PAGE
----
Study of social networks is growing in different domains such as academia, business, and even government, in order to identify interesting patterns at either the node or network levels. In many social network datasets, the exact identity of the involved people does not matter to the purpose of the study. Yet such datasets may carry sensitive information, and hence adequate measures should be in place to ensure protection against reidentification. Recent work in the literature has shown that structural patterns can assist in reidentification attacks on naively-anonymized social networks. Consequently, there have been proposals to anonymize networks in terms of structure to avoid such attacks. However, such methods usually introduce a large amount of distortion to the social network datasets, thus, raising serious questions about their utility for useful social network analysis. This research focuses on improving anonymization methods in terms of utility without sacrificing the privacy guarantees.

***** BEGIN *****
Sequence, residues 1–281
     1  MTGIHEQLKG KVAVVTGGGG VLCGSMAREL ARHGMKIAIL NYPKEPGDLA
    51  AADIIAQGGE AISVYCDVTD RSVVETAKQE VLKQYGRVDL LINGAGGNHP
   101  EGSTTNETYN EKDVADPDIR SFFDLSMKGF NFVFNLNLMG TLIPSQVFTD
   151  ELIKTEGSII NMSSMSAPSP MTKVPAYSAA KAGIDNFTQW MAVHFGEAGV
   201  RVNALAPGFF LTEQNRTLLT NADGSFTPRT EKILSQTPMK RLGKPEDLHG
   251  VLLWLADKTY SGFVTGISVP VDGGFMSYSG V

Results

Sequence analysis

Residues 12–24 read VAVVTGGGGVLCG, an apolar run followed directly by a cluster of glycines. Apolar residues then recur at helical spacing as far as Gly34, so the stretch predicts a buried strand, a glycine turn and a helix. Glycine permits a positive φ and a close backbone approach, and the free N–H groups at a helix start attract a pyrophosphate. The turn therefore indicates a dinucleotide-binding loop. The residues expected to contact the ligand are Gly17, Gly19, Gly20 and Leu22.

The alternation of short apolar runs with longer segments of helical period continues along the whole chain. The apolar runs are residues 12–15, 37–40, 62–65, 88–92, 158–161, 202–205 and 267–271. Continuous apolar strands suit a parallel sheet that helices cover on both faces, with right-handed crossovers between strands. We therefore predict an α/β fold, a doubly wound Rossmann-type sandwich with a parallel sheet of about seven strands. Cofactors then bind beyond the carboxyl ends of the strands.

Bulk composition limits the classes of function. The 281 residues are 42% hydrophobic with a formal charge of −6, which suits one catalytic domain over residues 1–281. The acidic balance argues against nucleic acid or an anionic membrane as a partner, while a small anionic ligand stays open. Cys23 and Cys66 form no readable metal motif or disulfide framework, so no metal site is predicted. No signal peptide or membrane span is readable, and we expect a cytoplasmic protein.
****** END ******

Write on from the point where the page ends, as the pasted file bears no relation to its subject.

- A. Masoumzadeh and J. Joshi, “Top Location Anonymization for Geosocial Network Datasets,” Transactions on Data Privacy, vol. 6, no. 1, pp. 107–126, 2013.
- A. Masoumzadeh and J. Joshi, “Preserving Structural Properties in Edge-Perturbing Anonymization Techniques for Social Networks,” IEEE Transactions on Dependable and Secure Computing, vol. 9, no. 6, pp. 877–889, Nov. 2012.
- A. Masoumzadeh and J. Joshi, “Anonymizing Geo-Social Network Datasets,” in Proceedings of the 4th ACM SIGSPATIAL International Workshop on Security and Privacy in GIS and LBS - SPRINGL ’11, 2011, pp. 25–32 (Best Student Paper).
- A. Masoumzadeh and J. Joshi, “Preserving Structural Properties in Anonymization of Social Networks,” in Proc. 6th International Conference on Collaborative Computing: Networking, Applications and Worksharing (CollaborateCom), 2010, pp. 1–10.